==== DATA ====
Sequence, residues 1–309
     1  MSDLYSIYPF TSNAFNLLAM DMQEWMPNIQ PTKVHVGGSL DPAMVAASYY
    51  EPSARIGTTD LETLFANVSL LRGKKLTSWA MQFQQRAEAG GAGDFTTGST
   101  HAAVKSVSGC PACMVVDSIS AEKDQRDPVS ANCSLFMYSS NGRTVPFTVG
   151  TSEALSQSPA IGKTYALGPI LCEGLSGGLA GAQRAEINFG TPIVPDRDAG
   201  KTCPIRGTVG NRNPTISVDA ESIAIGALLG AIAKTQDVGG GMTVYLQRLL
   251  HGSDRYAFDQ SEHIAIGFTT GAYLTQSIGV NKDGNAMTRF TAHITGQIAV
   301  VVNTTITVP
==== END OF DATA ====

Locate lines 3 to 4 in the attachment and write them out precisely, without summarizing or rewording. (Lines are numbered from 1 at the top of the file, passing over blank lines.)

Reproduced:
    51  EPSARIGTTD LETLFANVSL LRGKKLTSWA MQFQQRAEAG GAGDFTTGST
   101  HAAVKSVSGC PACMVVDSIS AEKDQRDPVS ANCSLFMYSS NGRTVPFTVG